It was only a matter of time before people found themselves just as invested in their digital style as they are in their real-world appearance—and we’re not just talking about social media selfies.
Fortnite, the cross-platform multiplayer game that’s captured 53 percent of Gen Z and young millennials ages 10 to 25 years old, has made a lot of money from in-game purchases. Other games entice players to spend, too, but what makes the viral player-to-player game different is that people are swapping their fiat currency for virtual Fortnite V-Bucks simply to make their digital avatars look better.
With mean playing time ranging between six and 10 hours weekly and 15 percent of users claiming to skip “a lot of school” to feed their habit, per the Business of Apps, it’s clear that players are deeply invested in the world of Fortnite. So much so, according to data gathered by Forbes, that 69 percent of the 250 million people who play the post-apocalyptic game have spent an average of roughly $85 on the free-to-play game—and it’s the first in-game splurge for more than one-third.
They’re not buying tools to help them fight better or fast-track their way to the next level—they’re buying one of dozens of “skins” or outfits simply for the purpose of looking cool. As Karol Severin, analyst for media and tech analysis firm Midia, told The Verge, “Today, consumers’ personal image is in much larger part defined in the virtual world”—a departure from a time not too long ago when people looked to fashion, books, music and movies to more intentionally signal their taste and craft their identity.
At the Fashion Tech Forum in New York City on Friday, Marjorie Hernandez de Vogelsteller referenced Fortnite as one of the “signals” that could indicate a tipping point for the advent of a broad transition into a digital ecosystem—that is, blockchain. Together with husband and co-founder Fabian Vogelsteller, the Venezuelan native founded Lukso, not yet active, in 2017 to be a blockchain platform designed for fashion and lifestyle brands.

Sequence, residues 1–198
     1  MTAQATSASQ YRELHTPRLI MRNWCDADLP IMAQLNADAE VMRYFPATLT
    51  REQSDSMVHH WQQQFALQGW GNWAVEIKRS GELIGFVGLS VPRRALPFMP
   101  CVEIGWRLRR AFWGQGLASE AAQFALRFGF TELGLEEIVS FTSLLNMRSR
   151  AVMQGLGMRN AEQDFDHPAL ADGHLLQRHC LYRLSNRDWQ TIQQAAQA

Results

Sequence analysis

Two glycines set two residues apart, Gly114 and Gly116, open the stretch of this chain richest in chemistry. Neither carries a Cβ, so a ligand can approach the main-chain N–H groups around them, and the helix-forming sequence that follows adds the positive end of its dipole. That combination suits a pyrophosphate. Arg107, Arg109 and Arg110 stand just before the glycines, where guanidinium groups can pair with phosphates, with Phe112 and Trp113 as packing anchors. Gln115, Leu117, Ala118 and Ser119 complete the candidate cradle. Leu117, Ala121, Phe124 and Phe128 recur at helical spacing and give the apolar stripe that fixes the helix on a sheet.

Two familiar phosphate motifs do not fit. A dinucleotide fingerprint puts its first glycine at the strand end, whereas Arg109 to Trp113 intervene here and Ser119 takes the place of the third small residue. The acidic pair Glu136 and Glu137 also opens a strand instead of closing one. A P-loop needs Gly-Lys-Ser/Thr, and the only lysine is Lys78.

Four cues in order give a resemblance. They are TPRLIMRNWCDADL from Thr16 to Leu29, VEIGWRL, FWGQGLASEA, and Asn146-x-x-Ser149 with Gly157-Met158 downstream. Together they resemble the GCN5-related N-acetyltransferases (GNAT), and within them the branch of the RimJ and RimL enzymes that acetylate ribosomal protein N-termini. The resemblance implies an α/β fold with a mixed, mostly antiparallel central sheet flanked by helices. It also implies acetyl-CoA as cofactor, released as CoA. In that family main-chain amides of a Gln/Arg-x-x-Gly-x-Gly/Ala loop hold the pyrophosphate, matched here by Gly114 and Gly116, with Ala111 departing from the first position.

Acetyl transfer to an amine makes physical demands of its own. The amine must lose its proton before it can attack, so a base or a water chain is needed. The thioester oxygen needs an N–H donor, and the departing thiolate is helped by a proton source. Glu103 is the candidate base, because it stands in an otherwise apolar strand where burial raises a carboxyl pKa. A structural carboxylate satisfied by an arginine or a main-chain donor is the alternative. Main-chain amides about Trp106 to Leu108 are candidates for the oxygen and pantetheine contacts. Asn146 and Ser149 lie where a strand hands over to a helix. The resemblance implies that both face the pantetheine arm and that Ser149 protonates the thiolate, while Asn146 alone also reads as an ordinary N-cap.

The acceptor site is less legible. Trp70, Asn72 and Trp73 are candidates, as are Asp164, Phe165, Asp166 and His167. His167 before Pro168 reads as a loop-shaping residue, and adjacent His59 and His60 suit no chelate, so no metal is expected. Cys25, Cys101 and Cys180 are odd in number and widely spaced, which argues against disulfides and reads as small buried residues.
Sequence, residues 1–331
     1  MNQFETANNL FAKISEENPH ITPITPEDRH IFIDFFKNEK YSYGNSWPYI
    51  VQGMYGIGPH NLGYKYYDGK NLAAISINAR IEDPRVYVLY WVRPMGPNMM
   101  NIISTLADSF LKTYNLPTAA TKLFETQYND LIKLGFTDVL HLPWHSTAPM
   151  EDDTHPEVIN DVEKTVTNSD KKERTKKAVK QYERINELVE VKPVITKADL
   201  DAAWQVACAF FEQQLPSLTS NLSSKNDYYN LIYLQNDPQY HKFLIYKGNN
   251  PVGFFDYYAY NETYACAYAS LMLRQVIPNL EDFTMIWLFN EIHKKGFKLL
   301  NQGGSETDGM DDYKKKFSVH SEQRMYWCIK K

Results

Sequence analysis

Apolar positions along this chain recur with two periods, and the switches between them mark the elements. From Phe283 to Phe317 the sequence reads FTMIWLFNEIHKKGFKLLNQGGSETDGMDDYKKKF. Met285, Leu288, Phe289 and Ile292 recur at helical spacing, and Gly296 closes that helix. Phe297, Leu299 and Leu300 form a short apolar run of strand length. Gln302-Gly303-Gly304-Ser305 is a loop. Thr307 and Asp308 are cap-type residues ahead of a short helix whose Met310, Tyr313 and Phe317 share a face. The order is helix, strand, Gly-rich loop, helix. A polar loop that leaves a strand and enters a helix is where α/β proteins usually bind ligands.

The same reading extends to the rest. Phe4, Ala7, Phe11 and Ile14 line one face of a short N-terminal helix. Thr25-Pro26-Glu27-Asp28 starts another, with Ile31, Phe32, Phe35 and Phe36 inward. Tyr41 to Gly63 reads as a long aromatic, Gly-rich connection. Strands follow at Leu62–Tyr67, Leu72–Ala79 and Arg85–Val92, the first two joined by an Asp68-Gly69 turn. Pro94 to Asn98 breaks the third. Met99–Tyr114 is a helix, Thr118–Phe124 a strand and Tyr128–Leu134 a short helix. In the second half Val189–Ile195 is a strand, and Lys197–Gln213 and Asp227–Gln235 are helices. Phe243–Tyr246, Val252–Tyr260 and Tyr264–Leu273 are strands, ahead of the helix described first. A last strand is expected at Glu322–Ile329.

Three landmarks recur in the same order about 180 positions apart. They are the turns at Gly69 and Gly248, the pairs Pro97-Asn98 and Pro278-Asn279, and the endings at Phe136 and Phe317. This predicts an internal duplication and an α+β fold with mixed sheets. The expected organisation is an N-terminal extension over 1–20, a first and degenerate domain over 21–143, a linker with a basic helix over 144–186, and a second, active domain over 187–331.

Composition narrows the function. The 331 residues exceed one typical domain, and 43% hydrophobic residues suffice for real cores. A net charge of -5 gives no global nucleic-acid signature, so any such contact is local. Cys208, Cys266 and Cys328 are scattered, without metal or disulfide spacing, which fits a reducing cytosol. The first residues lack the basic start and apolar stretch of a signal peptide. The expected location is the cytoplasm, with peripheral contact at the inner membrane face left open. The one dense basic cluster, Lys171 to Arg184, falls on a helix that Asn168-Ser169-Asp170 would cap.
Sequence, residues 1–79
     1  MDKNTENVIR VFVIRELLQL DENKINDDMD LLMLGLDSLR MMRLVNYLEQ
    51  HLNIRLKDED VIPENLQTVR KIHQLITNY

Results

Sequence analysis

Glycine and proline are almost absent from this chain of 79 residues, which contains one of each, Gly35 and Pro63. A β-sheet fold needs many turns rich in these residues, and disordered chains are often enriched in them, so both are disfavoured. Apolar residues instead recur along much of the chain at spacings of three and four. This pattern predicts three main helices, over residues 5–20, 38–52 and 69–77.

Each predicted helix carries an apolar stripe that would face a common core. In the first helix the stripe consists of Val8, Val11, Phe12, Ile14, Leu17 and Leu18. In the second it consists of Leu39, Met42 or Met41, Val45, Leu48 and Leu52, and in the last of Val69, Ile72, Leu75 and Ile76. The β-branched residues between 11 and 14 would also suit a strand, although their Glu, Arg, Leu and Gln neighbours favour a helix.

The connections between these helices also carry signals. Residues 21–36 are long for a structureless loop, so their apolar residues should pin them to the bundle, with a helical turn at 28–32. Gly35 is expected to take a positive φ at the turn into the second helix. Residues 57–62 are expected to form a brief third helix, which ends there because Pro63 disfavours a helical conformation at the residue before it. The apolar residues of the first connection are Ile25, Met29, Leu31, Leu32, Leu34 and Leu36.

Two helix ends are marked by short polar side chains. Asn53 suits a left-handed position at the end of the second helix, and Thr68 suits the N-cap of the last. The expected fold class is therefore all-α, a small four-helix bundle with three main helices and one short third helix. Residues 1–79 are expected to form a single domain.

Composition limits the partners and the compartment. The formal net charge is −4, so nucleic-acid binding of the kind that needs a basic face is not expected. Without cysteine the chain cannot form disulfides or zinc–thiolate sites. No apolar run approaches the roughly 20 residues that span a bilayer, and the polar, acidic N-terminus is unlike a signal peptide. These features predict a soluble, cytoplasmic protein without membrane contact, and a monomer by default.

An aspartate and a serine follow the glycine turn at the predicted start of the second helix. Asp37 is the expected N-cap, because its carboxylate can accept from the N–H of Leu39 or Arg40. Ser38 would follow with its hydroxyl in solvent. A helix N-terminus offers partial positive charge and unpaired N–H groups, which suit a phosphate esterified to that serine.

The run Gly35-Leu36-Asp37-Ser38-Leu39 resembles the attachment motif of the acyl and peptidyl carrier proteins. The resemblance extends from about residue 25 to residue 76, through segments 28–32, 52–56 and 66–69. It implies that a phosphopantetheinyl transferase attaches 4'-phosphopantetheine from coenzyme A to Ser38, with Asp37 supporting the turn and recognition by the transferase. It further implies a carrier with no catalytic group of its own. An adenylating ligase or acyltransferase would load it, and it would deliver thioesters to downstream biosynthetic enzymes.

People need secure digital identities in order to participate fully in and benefit from a digital-first world. But it’s when objects have their own digital twin that things get really interesting. Hernandez de Vogelsteller believes that the idea of what makes something valuable is in flux and that the way that fashion is created and consumed could be in for significant disruption. Just last fall Scandinavian multi-brand retailer Carlings sold its first digital collection of clothing created to be mapped virtually onto the image of the purchaser’s body, Hernandez de Vogelsteller explained. A second collection is forthcoming this spring, according to the Carlings website.
Fashion designed to exist digitally in a mixed-reality mashup—real photo of a real person plus virtual vestments—might seem strange but to the digital natives of Gen Z, the distinction between the physical and digital worlds is all but disappearing.
When it comes to Fornite, people “want outfits that represent their personality,” said Hernandez de Vogelsteller, who believes that when you take the rise of digital CGI influencers like Lil Miquela into consideration, “digital-only fashion product is on the cusp of a revolution.”
Whether it really goes “digital-only” or only partly, fashion will continue to be influenced by bytes as much as it is bricks—and blockchain in particular is generating interest in the luxury arena, largely for its potential to authenticate a product’s end-to-end journey through the supply chain. Blockchain software developer ConsenSyns confirmed last month that’s it building a blockchain platform for LVMH while executives from brands including Chanel, Burberry, Highsnobiety, Instagram and Nike are represented on LUKSO’s advisory board. (Lukso’s website points out that board members serve out of personal interest and not at the behest of their employers.)
Beyond blockchain, digital fashion has one clear advantage over its cut-and-sew counterpart: its production uses no water, produces no emissions and consumes no resources (and as of now, there’s no reports of forced labor involved in making virtual). Society’s embrace of garments designed exclusively for the online would “could make fashion more sustainable,” Hernandez de Vogelsteller said.